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ARS Home » Plains Area » Bushland, Texas » Conservation and Production Research Laboratory » Livestock Nutrient Management Research » Research » Publications at this Location » Publication #261652

Title: Temperature dependence of feedyard ammonia emissions: The Arrhenius equation

item Todd, Richard
item Cole, Noel
item AIKEN, ROBERT - Kansas State University

Submitted to: ASA-CSSA-SSSA Annual Meeting Abstracts
Publication Type: Abstract Only
Publication Acceptance Date: 6/15/2010
Publication Date: 10/31/2010
Citation: Todd, R.W., Cole, N.A., Aiken, R.M. 2010. Temperature dependence of feedyard ammonia emissions: The Arrhenius equation [abstract]. In: ASA-CSSA-SSSA 2010 International Annual Meeting Abstracts. October 31-November 4, 2010, Long Beach, California. Paper 266-8. 2010 CDROM.

Interpretive Summary:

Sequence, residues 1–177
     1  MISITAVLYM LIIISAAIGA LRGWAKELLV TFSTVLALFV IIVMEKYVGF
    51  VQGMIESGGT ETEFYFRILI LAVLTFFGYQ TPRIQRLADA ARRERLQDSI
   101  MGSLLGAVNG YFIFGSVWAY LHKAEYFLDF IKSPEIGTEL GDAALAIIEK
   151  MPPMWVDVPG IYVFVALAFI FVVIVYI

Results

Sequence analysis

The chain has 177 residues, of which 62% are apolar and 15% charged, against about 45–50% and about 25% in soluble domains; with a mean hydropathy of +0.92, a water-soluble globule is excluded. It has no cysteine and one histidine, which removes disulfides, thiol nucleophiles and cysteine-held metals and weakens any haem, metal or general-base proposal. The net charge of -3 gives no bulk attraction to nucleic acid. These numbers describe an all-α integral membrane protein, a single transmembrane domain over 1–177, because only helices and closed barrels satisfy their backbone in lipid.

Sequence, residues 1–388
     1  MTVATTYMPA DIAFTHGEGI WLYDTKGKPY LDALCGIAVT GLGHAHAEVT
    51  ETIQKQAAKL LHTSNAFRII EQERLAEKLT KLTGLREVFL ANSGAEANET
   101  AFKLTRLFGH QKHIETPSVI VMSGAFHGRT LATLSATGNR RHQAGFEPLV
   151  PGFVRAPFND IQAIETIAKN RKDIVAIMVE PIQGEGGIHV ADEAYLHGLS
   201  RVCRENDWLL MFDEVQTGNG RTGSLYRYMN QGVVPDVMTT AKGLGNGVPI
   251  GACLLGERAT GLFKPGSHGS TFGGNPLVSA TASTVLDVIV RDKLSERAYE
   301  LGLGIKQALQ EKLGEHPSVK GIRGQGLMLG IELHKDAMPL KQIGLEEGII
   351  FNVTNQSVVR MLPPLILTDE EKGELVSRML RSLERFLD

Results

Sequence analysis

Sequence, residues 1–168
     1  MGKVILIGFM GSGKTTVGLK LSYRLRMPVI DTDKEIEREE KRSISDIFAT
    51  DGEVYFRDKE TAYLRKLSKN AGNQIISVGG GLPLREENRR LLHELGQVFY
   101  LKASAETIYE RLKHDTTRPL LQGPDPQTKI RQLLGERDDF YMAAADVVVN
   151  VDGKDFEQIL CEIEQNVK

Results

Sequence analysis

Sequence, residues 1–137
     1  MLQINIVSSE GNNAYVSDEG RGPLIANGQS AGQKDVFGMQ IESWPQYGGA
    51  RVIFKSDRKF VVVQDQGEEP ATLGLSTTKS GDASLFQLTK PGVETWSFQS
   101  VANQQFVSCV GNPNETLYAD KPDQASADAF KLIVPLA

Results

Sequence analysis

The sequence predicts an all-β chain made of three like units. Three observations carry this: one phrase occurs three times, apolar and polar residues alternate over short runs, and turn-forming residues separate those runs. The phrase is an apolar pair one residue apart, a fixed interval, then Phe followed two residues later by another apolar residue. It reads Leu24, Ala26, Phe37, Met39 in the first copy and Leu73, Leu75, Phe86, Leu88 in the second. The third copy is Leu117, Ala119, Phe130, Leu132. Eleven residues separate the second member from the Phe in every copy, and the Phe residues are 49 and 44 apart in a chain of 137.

Technical Abstract: Ammonia emissions from beef cattle feedyards exhibit an annual pattern-like temperature. This suggests that ammonia emissions may obey the Arrhenius temperature relationship. Our objective was to determine the Arrhenius relationship between mean monthly ammonia emissions from cattle feedyards and mean monthly air temperature and test its predictive power. Two years of per capita ammonia emission rate (A, g/head/d) and temperature (T, C) data from two commercial feedyards were used to parameterize the Arrhenius equation. The relationship was then used to predict ammonia emissions at a third feedyard. All four regressions of ln(A) against 1/T were linear, with r**2 ranging from 0.55 to 0.88. At one feedyard, slopes of the two years were nearly identical, but intercepts were different. This difference was attributed to a change in crude protein content of the diets from 14.4% to 16.5%, the only major management change between years. Combining the four years of data yielded the predictive equation ln(A) = 15.62 - (3190/T), r**2 = 0.52. This equation was applied to a data set from a third feedyard that included 42 days of ammonia emission and temperature data aggregated into six months. The equation tended to underestimate actual emissions, with monthly deviations ranging from +4% to -45%. Annual mean per capita emission rate was 122 g/head/d, compared with the predicted annual mean per capita emission rate of 101 g/head/d. Ammonia emissions exhibited a temperature dependence that could be described reasonably well by the Arrhenius equation. Crude protein content was another important driver of ammonia emissions that needs to be included to improve the predictive power of the temperature relationship.